Sport & Auto
- About Future
- Digital Future
- Cookies Policy
- Terms & Conditions
- Investor Relations
- Contact Future
If you went to the cinema and the first 15 minutes of the movie consisted of little more than a man running through thick fog, you'd think it was a bit dull. Because no matter which way you look at it, a man running through thick fog *is* dull. Unless, of course, you're taking film studies. In which case you'd probably have a wank about it and then write a 10,000 word thesis.
Fog is formed as water vapor condenses. The atmospheric conditions in Silent Hill must be perfect for creating dense, low lying cloud as it's a common occurrence in the town. Which is handy, because fog also makes a great backdrop for evoking a sense of ominous foreboding. If we were going to make a game as tense and as psychologically unsettling as Silent Hill, then we would definitely set the weather to 'really, really foggy'.
What we wouldn't do, though, is force the player to run a half-marathon through the fog at the beginning of the game when they don't have a bloody clue where they are or where they're supposed to be going. It's great for disorientation. Not so good for getting on with the real business of smashing up faceless abominations with a heavy piece of timber.
In a real-life post-apocalypse scenario, where would you rather be: A) In a well-equipped anti-radiation bunker, or B) Eating your own hair on the fallout contaminated wastelands? Unless you like the taste of hair, then the answer is A. But in a game, where common sense is routinely subverted for the purposes of entertainment, being holed up in a shelter is about as thrilling as a mandatory install.
Fallout 3's Vault 101 was tedious. It was tedious because we all knew that the real game would only get started once its depressing confines had been escaped. No amount of aptitude tests or parties with moronic NPCs or talking to Liam Neeson could make it an absolute rip snorter.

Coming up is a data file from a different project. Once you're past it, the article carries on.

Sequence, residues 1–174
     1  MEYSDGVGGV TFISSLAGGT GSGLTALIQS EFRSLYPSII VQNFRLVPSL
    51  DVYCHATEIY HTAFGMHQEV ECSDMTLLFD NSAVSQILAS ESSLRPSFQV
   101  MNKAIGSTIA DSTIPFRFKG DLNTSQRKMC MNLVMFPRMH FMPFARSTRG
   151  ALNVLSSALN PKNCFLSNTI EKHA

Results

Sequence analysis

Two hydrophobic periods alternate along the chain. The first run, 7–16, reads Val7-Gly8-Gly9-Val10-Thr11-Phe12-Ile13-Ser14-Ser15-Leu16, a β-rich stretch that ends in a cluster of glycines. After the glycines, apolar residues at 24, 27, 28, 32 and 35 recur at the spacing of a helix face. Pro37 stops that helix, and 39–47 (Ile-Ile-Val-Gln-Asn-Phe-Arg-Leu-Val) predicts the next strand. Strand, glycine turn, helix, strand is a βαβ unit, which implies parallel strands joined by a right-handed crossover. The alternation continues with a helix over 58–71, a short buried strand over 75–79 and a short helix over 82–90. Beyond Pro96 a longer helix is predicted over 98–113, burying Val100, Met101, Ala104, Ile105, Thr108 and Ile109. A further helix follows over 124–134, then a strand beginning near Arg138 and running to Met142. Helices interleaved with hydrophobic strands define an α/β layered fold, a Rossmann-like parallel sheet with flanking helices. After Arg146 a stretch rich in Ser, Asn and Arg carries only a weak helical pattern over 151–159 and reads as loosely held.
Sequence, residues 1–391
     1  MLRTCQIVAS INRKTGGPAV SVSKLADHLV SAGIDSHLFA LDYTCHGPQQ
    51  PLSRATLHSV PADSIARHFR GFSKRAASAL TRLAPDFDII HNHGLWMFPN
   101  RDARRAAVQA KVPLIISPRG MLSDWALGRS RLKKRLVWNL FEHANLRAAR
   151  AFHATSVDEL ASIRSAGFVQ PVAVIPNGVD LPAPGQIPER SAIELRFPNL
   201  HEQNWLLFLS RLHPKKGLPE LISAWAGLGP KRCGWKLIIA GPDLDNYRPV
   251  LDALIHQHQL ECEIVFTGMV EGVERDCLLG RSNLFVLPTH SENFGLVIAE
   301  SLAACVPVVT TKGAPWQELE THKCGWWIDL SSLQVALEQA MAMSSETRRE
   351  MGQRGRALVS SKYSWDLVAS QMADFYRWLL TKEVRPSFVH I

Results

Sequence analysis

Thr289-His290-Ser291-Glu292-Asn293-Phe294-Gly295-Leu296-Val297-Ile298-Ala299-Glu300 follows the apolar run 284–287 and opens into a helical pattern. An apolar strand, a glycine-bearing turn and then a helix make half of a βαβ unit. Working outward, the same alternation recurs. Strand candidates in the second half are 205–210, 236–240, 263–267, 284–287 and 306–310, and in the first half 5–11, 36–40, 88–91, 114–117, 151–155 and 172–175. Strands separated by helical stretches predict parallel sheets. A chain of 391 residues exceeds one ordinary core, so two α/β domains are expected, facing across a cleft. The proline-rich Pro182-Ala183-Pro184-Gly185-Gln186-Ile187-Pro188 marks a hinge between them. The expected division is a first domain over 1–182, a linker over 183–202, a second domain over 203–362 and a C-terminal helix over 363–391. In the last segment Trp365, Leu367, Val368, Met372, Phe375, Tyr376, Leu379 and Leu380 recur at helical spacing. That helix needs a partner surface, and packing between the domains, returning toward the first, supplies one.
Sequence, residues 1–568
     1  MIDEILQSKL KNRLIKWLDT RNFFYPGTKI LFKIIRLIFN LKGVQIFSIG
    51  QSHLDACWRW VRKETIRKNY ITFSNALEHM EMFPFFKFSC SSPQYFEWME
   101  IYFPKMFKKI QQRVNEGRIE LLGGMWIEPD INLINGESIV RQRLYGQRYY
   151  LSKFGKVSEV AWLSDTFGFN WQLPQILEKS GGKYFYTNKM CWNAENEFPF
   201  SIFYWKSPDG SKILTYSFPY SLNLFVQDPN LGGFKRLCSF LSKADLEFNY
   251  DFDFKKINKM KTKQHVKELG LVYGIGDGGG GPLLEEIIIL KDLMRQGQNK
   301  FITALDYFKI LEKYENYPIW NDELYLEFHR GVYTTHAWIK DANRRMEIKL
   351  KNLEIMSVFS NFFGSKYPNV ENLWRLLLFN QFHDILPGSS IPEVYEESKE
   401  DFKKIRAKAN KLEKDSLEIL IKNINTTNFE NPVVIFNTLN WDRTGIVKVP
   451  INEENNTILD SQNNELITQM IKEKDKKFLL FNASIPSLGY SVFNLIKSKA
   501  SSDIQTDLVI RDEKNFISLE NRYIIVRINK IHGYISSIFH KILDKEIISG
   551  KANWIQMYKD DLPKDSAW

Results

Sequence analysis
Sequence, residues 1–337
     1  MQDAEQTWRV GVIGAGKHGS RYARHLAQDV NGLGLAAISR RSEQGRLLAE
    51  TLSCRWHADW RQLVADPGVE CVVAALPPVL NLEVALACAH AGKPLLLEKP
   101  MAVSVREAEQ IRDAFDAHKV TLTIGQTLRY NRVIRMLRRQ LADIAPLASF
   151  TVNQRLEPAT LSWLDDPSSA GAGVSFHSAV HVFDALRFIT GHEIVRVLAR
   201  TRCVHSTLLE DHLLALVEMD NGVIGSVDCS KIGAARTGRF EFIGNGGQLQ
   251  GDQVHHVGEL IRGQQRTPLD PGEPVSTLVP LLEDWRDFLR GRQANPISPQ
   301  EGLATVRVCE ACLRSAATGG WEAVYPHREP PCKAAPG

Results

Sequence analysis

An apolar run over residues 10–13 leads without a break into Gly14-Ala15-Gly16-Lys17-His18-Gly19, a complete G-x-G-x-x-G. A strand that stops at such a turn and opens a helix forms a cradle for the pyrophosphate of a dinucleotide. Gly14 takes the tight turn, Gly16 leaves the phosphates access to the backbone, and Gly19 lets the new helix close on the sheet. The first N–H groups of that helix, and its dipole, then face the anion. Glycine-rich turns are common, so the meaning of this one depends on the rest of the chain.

Every second in the vault was another second spent not killing mutants. And doing things like killing mutants is the whole reason we play games. We don't play games to ponce about in safe, underground shelters for the best part of an hour when there are mutants to be killed and nuclear warheads waiting to be detonated.
Note: You may remember that Fallout 3 also appeared in our 'Top 7... Best beginnings' last year. So, like, WTF!? Charlie wrote that list. And I'm writing this one. Different opinions are healthy. The hive mind has collapsed.
The introduction to Quantic Dream's interactive drama does an excellent job of capturing some of the inescapable banality of everyday life. Get out of bed. Take a piss. Have a shower. Get dry. Brush teeth. Shave face. Take a piss. Get dressed. And that's just the first 10 heart-stopping minutes. There's still plenty more to come before the opening credits even think about putting in an appearance.
Check this shit out: there's juggling, getting something out of the fridge, carrying shopping bags and a totally insane bit where you actually get to set the table. But be careful - the dinnerware's a present from the mother-in-law. Better not drop it Mr Butter Fingers!
We can appreciate that Quantic were setting the scene and providing some context in order to wring a little emotion from our dry, shriveled hearts when whatever inevitable disaster finally struck, but it was crushingly dull. It was Mundane: The Video Game. When the kid got run over because he didn't do what the fuck he was told, we didn't feel sad. We felt relieved that something interesting had happened.